A scotch whisky distiller, when asked recently if he made any blends, was gloriously sniffy and dismissive of blended whisky. It would have been interesting to see and hear what he would have made of the Johnnie Walker Directors Blends, which I got to taste last Thursday (November 28) in London.
This is the 28th IWC, which is widely regarded as the largest wine competition in the world.
Every wine is tasted blind and judges assess each for its faithfulness to style, region and vintage. Every wine is assessed independently of its price. Great Value Champion awards are made after the wine has been judged for quality Throughout the judging processes, each medal-winning wine is tasted on at least three separate occasions by a minimum of nine judges
Co-chairmen include Charles Metcalfe, Tim Atkin MW, Sam Harrop MW, Derek Smedley MW, Oz Clarke and Debra Meiburg MW.
Forty two awards were presented, including Supermarket of the Year, which was awarded to Waitrose.
Tesco was awarded the inaugural IWC Own Label Range of the Year award, with an impressive line-up of Great Value Champion awards. Great Value Champion Rosé Wine (Tesco Finest Navarra Rosé 2010, Principe De Viana), Great Value Champion Champagne (Tesco Finest Premier Cru Champagne, Union Champagne) and Great Value Champion Sweet Wine (Tesco Finest Dessert Semillon 2007, De Bortoli Wines). This last wine, at only £6.49 recommended retail price, underlines how accessible and affordable some of the best wines in the world are, says the organisers.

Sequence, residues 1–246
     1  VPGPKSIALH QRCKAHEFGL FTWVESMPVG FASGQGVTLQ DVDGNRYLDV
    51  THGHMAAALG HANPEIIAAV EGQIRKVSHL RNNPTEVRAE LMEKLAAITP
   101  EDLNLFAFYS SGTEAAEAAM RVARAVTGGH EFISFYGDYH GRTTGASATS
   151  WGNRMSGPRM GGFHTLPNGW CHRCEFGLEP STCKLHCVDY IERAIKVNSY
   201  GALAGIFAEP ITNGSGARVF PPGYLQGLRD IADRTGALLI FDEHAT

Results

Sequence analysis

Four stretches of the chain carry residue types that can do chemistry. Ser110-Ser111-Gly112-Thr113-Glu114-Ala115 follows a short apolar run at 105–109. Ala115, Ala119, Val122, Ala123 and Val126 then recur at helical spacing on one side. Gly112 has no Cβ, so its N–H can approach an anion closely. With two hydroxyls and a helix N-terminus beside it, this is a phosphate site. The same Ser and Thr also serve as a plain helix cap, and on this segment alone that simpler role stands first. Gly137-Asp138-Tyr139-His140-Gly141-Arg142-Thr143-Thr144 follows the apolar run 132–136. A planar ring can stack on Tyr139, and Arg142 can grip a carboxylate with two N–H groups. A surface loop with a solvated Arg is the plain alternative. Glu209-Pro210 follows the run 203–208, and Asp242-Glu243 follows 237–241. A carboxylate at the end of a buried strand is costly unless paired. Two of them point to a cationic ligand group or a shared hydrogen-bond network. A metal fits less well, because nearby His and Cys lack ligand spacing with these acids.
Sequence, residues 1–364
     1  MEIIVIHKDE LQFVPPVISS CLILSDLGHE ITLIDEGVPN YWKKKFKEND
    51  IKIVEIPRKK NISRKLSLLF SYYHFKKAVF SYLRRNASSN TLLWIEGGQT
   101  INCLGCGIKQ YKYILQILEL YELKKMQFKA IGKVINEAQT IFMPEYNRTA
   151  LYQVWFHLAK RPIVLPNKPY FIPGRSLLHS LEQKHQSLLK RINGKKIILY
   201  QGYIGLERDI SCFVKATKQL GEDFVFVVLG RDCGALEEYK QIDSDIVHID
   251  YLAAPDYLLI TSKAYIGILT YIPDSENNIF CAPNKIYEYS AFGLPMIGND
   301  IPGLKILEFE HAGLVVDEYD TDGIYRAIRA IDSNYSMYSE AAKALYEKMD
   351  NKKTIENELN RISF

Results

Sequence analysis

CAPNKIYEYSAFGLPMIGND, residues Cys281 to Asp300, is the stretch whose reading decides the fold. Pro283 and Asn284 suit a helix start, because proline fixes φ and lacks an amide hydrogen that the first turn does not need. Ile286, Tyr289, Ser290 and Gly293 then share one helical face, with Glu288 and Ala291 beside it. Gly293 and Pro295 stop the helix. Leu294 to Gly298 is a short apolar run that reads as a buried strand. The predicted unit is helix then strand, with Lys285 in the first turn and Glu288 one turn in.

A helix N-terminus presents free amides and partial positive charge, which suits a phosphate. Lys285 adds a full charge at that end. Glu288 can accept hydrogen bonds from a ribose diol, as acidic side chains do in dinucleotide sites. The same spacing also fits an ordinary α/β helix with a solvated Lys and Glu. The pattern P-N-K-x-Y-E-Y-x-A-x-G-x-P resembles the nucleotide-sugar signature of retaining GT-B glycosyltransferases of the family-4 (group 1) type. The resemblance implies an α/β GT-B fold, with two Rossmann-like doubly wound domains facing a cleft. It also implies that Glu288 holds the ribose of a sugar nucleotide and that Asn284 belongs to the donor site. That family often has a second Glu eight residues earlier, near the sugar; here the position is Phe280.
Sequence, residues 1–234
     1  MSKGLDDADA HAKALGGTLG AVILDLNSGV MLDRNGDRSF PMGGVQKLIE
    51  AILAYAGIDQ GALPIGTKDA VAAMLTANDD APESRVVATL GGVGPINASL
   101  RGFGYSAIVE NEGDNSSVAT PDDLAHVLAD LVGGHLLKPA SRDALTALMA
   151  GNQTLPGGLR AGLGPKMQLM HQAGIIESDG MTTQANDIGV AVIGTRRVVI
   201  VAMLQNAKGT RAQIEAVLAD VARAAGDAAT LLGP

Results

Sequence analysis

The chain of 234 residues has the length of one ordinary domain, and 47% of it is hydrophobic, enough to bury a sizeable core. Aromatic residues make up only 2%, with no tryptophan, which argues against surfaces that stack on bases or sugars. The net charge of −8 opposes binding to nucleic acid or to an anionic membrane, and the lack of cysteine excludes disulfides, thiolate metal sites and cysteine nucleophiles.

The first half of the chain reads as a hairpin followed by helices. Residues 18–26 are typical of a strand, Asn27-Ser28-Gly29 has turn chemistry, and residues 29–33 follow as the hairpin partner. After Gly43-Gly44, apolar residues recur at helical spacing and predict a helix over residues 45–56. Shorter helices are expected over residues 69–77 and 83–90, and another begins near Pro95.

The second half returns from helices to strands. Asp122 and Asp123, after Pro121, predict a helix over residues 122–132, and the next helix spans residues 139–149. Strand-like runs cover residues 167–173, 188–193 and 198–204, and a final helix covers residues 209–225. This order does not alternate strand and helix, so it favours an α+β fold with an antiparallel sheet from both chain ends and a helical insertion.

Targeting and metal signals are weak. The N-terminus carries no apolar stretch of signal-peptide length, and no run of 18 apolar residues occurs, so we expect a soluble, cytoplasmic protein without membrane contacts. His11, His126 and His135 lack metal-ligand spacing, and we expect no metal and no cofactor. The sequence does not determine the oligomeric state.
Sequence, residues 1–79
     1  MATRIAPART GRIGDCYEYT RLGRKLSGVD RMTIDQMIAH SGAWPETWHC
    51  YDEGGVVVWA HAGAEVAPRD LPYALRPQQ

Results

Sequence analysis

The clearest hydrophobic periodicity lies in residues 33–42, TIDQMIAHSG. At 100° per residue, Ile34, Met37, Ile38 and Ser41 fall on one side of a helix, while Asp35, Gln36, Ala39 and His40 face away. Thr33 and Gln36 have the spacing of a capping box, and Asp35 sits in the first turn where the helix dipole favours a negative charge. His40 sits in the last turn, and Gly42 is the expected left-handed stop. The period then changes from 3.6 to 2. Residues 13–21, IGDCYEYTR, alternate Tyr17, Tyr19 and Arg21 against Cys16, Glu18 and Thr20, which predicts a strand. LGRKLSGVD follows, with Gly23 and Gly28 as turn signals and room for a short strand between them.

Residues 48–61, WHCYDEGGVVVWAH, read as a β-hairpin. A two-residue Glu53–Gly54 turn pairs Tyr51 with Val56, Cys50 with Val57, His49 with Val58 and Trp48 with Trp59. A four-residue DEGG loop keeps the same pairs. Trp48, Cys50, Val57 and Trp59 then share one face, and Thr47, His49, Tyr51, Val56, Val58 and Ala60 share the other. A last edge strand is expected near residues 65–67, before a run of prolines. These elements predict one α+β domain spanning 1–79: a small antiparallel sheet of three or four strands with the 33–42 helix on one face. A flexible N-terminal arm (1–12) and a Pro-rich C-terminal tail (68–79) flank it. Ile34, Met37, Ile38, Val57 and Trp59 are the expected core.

Innovator of the Year was awarded for the second year running to Naked Wines, and High Street Chain of the Year for the third consecutive year to Majestic Wines. The Generic Campaign of the Year was won by Wines of Chile, for their ‘Carmenere Made for Curry’ campaign.
Charles Metcalfe, IWC Co-Chairman, said: “The quality and range of wines now being produced all over the world ensures that wine-lovers are spoilt for choice. Each year we find the standard of entries has risen, resulting in a very strong contest for this year’s winning wines. And, thankfully, we have fewer unacceptable wines entered.
“This is the world’s most scrupulously judged wine competition. Each medal-winning wine is tasted at least three (and sometimes up to six) times, and marks are awarded for faithfulness to variety, country, region and vintage. The IWC recognises excellence and aims to help wine-lovers identify some of the world’s best wines. Our meticulous and unrivalled attention to detail means a wine with the IWC logo is a wine you can trust,” said Metcalfe.
This year’s awards went to:
- Supermarket of the Year: Waitrose;
- High Street Chain of the Year: Majestic Wines was named the High Street Chain winner for the third consecutive year;
- Wine Club of the Year: The Wine Society, who also won Wine Merchant of the Year;
- Innovator of the Year: Naked Wines, for the second year in a row;
- Direct Merchant of the Year: Laithwaites;
- Corporate Social Responsibility Award: Bibendum Wine, for the second year running;
- Sustainable Trophy: Roaring Meg Pinot Noir 2009, from Mt Difficulty Wines;
- Organic Trophy: Chablis 1er Cru Vaillon 2009, Domaine Christian Moreau Père Et Fils ;
- Biodynamic Trophy: Fleury Extra Brut 1995, Champagne Fleury